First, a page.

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Alger Hiss, a native Baltimorean, was a government official accused of spying for the Soviet Union In one of the most spectacular Cold War era trials in the U.S., Hiss was convicted of perjury. Hiss's accuser was Whittaker Chambers, a confessed Communist Spy turned Conservative Republican.
Regardless of what conclusions the reader reaches from the mountain of evidence and the books that have been written about the Alger Hiss case, much of the narrative by Whittaker Chambers may have been composed in a modest house in Charles Village, 2610 St. Paul Street, a typical example of detached domestic architecture in Baltimore often overlooked by architectural historians.Find out more »
After 30 years without a break, Baltimore historian Wayne Schaumburg is finally taking a year off and he has kindly shared his tour notes with us. Join Baltimore Heritage and tour guide Tim Fabiszak to tour Baltimore’s historic Green Mount Cemetery. Opened in 1839, Green Mount is an early example of an urban-rural cemetery, that is, a cemetery with a park-like setting located close to the countryside. Green Mount is the final resting place of some of Maryland’s most famous, and infamous, figures including Johns Hopkins, Enoch Pratt, William and Henry Walters, Mary Elizabeth Garrett, Betsy Patterson, A.S. Abell, John H. B. Latrobe, A. Aubrey Bodine, John Wilkes Booth, and Elijah Bond, who patented the Ouija Board!Find out more »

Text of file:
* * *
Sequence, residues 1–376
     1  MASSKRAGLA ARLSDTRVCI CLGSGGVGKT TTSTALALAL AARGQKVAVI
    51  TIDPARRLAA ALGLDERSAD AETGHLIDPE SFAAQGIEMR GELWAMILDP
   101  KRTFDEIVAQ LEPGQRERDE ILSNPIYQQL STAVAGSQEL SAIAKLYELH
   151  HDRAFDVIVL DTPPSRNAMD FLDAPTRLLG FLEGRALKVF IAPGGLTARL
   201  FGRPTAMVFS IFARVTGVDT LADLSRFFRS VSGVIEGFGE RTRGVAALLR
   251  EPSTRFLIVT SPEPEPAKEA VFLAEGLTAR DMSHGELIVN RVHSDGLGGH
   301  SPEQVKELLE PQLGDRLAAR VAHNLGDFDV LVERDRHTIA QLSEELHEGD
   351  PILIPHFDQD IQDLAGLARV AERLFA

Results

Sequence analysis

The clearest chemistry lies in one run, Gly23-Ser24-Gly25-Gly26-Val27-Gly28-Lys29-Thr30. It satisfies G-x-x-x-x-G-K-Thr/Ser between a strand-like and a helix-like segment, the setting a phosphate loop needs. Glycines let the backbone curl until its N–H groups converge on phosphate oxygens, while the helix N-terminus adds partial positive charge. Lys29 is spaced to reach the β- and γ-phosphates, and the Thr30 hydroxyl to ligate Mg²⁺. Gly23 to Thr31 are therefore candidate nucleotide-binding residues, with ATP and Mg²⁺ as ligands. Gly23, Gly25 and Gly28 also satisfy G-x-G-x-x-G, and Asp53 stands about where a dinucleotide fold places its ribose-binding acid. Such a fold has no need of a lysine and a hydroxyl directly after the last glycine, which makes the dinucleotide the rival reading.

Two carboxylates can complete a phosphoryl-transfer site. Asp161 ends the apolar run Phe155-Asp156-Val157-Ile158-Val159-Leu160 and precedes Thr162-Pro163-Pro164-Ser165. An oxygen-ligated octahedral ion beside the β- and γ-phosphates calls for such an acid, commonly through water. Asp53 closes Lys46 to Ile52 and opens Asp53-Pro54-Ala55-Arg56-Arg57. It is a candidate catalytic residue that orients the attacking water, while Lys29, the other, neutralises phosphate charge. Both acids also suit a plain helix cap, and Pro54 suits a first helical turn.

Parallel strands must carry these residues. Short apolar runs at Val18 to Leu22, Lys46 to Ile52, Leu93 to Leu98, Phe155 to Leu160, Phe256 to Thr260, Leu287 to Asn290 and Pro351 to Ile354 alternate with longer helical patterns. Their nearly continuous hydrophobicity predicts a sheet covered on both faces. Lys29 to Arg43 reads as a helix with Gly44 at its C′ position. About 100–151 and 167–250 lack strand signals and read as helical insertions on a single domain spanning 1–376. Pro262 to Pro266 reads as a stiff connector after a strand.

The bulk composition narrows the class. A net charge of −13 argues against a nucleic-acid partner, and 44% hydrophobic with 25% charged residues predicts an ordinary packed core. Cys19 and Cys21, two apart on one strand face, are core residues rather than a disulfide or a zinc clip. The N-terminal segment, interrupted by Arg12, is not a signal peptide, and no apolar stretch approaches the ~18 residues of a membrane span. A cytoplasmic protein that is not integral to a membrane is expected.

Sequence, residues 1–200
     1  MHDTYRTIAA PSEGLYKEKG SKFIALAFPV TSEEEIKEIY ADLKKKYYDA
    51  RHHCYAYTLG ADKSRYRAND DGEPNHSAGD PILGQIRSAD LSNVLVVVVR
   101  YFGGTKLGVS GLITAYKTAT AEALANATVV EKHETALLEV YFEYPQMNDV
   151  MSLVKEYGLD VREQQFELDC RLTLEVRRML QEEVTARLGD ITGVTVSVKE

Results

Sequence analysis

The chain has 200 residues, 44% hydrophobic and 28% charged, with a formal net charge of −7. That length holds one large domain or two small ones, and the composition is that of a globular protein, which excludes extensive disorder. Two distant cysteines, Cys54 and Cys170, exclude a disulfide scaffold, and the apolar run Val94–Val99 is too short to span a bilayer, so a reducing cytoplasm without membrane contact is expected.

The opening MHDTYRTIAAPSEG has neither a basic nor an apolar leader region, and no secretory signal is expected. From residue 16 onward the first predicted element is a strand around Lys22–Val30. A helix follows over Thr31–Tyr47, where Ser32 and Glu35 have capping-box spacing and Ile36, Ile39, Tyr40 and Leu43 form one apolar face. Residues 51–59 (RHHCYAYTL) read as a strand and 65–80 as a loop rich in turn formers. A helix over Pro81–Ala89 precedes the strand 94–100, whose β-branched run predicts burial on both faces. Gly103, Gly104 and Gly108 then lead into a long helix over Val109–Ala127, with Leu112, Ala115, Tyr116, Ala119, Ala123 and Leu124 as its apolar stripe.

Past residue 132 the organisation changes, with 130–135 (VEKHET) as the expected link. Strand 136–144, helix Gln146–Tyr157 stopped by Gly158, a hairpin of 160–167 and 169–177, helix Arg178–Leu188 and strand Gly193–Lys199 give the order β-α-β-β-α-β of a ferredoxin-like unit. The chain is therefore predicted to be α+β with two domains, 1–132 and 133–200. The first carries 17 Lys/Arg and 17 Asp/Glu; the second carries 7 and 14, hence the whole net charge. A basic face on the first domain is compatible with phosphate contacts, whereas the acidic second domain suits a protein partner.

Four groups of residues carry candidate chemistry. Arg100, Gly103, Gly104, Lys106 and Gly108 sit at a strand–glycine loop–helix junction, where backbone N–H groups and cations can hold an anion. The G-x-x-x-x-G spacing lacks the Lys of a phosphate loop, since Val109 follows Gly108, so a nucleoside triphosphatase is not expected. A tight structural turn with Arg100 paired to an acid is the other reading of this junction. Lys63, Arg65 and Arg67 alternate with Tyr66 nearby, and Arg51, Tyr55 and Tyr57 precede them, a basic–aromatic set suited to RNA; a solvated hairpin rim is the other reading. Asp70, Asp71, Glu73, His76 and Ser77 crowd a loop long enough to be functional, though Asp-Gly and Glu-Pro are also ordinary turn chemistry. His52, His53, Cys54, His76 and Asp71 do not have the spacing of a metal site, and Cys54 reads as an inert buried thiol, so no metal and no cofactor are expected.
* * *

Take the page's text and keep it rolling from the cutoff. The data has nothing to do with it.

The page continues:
For a tiny neighborhood squeezed between the University of Maryland and Camden Yards, Ridgely’s Delight contains an oversized history. George Washington slept here and Babe Ruth was born here! Join us to walk the preserved, picturesque streets of one of the earliest neighborhoods in Baltimore while we look back at the stories of both its famous visitors and the ordinary Baltimoreans who worked and raised their families here.Find out more »
Phillip Lord joins us for a presentation on marble quarries in Cockeysville and the buildings in Baltimore and beyond that were made of stones quarried from these sites. Cockeysville Marble was a major source of marble in the United States, used in the construction of significant buildings in Baltimore and beyond including the Washington Monuments in Baltimore and Washington DC, Baltimore's City Hall, the United States Capitol Building, and the Fisher Building in Detroit.Find out more »